Villanova basketball is preparing for it's annual open-door exhibition game against Canadian powerhouse, Carleton University. The Ravens will head to the Pavilion as part of their series of games against American teams.
Carleton University is about as close as you can get to a Canadian version of John Wooden's UCLA. The Ravens have absolutely dominated the Canadian Inter-University Sports competition, winning eight of the last ten Canadian national titles, including the most recent one.
The 2011-12 edition of Carleton basketball has been called one of the finest teams Canada has ever seen -- going undefeated as they charged toward the March championship. They played punishing, shut-down defense against opponents, denying access to the rim and creating huge challenges for opposition.
Carleton returns nine players from last season's team.
They have taken to playing a number of exhibitions against American Division-I universities in their preseason to help prepare them to dominate north of the border. They will play against multiple NCAA Division-I schools this fall, reportedly including Buffalo, UNLV, and Boston University. Games against Boston College and Northeastern were also scheduled over the weekend but do not appear to have been played.
They also have an exhibition date with La Salle on Friday.
Key to their team is third-year point guard Phillip Scrubb, who has helped the program to two CIS titles in his first two seasons and will look to bring home a third this Spring. He is a talented guard who can handle the ball, create for his teammates and knock down shots from the perimeter when needed -- he averaged 16.2 points per game last season to lead the team. Scrubb is a do-everything guard who will likely rise to the occasion from tip-off onward tomorrow.
His brother Thomas is also on the team, listed as a 6-5 forward for the Ravens.
Tyson Hinz, a 6-6 fourth-year forward, has also been awarded with the CIS's MVP award in the past, and will be expected to offer leadership on the court this season. Hinz is one of many veteran players who will be deployed by the Ravens as they attempt to take down the Wildcats.
The Ottawa-based university does not possess a lot of height, with their tallest player being listed at 6-8 and only two other athletes listed above 6-6. The tallest player is freshman forward Jean Emmanuel Pierre-Charles, from Ontario.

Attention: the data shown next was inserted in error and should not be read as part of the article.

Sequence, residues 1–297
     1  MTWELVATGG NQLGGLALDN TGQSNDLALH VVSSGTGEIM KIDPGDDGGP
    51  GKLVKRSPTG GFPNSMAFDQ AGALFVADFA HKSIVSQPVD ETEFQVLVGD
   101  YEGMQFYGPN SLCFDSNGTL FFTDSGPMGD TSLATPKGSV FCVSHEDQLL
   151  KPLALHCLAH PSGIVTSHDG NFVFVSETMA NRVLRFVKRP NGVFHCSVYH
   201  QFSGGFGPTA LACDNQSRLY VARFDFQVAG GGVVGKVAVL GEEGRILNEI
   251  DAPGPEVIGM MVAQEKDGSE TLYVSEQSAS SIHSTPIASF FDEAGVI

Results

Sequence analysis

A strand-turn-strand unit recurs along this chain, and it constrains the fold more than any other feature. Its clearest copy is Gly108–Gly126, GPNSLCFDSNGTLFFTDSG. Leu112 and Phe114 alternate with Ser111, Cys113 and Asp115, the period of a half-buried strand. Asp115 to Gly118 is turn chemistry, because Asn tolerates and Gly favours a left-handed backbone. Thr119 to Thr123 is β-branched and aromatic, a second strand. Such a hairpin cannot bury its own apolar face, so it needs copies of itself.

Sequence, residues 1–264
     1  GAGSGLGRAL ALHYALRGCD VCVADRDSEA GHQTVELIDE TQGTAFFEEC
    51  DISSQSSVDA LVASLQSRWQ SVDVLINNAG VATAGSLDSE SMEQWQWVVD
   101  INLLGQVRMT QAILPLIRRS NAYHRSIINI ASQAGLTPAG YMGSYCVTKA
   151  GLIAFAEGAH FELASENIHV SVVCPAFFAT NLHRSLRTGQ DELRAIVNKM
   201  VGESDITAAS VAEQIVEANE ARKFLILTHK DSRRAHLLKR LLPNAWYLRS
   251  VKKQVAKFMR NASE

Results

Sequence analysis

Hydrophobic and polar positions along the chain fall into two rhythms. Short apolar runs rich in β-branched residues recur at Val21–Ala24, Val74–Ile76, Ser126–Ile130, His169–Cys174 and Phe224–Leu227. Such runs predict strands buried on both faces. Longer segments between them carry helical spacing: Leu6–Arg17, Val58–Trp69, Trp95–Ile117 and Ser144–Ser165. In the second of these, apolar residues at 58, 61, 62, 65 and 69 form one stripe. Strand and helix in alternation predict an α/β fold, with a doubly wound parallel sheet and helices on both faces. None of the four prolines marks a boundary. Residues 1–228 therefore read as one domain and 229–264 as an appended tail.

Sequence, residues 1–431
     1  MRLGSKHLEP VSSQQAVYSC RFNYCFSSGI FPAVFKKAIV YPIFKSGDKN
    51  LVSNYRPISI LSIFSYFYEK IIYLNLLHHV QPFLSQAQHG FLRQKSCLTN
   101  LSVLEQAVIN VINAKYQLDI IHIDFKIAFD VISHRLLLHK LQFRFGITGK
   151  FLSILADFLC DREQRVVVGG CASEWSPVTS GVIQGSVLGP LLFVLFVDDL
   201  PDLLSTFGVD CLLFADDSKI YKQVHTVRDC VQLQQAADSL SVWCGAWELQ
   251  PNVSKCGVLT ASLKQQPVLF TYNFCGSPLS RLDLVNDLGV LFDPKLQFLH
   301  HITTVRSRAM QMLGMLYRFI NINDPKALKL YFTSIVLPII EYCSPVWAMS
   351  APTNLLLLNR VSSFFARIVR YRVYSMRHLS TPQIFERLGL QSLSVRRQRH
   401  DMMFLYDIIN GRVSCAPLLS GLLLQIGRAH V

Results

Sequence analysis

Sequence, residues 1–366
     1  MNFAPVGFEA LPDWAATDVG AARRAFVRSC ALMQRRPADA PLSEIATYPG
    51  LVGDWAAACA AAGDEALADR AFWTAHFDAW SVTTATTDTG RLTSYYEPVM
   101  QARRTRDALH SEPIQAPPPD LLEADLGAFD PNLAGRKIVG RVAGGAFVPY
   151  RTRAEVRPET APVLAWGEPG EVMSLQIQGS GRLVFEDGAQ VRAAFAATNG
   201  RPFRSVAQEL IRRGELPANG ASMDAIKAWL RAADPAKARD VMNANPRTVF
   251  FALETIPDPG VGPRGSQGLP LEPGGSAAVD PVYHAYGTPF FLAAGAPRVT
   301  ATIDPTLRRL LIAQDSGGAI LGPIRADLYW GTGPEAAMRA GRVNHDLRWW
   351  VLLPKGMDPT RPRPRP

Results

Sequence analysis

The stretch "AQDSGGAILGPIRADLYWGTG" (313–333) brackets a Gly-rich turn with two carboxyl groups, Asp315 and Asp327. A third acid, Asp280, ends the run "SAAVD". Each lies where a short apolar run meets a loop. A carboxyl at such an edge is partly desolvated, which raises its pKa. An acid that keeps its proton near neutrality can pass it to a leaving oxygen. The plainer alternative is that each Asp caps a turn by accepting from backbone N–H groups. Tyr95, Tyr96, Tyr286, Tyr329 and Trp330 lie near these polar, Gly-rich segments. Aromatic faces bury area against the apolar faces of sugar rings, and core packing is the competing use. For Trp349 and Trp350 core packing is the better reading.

Their roster is filled with some of the best Canadian talent that hasn't migrated south to NCAA institutions. They are athletic and fundamentally sound, playing an aggressive style of defense. They work hard to crash the boards and fight for rebounds, even in meaningless exhibition games.
Their offense is spread around the court and though Scrubb lead the team in scoring, his teammates each get a chance to shine. They rarely have the same leading scorer in consecutive games.
That unselfish style of play has helped them to build a decade-long dynasty that is tied for the most CIS basketball titles of all time and will likely take the record this season. They received 43 of 44 first-place votes in the first Canadian preseason poll, ranked an near-unanimous number-1.
So far, in their nine preseason games, they have managed eight wins, going 2-1 against NCAA opponents (with the wins coming over Buffalo and Boston University). Even in a loss to UNLV (ranked 18/19 in preseason polls), the Ravens kept it close in a 74-70 game.
Villanova will have to engage the Ravens defensively and make it difficult for them to score. The Wildcats have a size advantage over their Canadian counterparts, but the CIS champions will attempt to make up for their deficit with teamwork and fundamentally-sound basketball. That means that shots may be difficult to find on the perimeter, especially if the 'Cats aren't moving the ball around and leveraging speed and athleticism to create openings.
Carleton will try to deny entry-passes into the post, which is perhaps where Villanova can do most of it's damage. With Mouph Yarou, Mo Sutton and Daniel Ochefu on hand, the Wildcats will likely have a size and strength advantage up front. It will be up to the guards to find ways to get the ball inside to the bigs.
Tony Chennault and JayVaughn Pinkston like to try and penetrate offensively to get to the rim. If they are successful in those efforts, scoring may not be difficult, but the Ravens will be prepared to work against the dribble-drive and it may be up to the 'Cats to make some shots from outside in order to force the defense to adjust and open up their strengths.
That means potentially seeing just how good a shooter Ryan Arcidiacono really is, and whether James Bell, Darrun Hilliard and Pinkston are truly improved shooters from beyond the arc.
In the end, the result of the game isn't terribly important. It will be a tough test for an exhibition game, but one that will be treated no different from other preseason contests. A practice with officials and score-keepers, the 'Cats will likely go deep into the bench and try offensive and defensive concepts out that might not make the cut once the regular season begins.
This is a game where you ultimately ignore the scoreboard at the end and instead look at how the team handles tough defense, the strategies employed on offensive and defensive plays, and the skill sets of the newer additions.